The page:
This book has 570 pages, a lot of information about my research subject and several studies are included. However, I don't want to spend my time reading it because one professor wrote already 12 pages review, emphasizing most important finding and conclusions. As well critical perspective.

Should I cite both of them in my literature review so I can honor in a way book author or is it dishonest from my side to cite something I didn't read? I don't doubt he did a great job, even people from Cambridge are praising him, but I think I will lose a lot of time since I am a slow reader and in the review is represented a lot what I would like to know.

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    I would cite the review as well as the main source (here, the book) for which the review has been written.
    – Coder
    Jul 26, 2017 at 10:21
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    "Can reading book review substitute reading whole book?" Of course not, but it could still be sufficient. It completely depends on what kind of information from the book you want to use and for which purpose.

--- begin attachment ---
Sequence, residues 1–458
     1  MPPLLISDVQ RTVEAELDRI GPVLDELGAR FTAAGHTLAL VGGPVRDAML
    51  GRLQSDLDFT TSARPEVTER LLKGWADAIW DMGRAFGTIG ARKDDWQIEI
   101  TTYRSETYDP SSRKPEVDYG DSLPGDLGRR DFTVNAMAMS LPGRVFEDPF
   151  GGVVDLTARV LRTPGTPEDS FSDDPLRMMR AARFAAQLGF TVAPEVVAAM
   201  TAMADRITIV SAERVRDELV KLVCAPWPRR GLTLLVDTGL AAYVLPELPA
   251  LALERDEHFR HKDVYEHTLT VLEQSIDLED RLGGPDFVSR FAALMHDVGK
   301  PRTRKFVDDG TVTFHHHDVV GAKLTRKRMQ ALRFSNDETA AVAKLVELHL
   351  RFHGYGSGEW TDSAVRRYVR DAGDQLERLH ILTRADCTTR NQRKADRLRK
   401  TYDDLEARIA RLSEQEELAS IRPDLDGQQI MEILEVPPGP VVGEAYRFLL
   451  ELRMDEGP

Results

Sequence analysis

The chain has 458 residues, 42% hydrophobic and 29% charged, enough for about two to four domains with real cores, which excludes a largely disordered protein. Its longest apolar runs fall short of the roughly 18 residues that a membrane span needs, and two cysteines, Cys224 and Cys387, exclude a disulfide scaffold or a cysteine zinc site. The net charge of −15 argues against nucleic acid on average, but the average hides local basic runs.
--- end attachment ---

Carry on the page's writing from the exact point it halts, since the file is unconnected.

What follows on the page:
– user9482
    Jul 26, 2017 at 10:23
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    I perfectly understood what kind of book this is when I wrote my comment. Details often are extremely important.
    – user9482
    Jul 26, 2017 at 10:38
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    One isn't required to read an entire book in order to cite it. If the book contains vast swathes of irrelevant information, skip those parts; just read and cite the most relevant chapters, or even the most relevant paragraphs, and cite those parts that support your assertions. The review may, of course, also be useful. Jul 26, 2017 at 10:39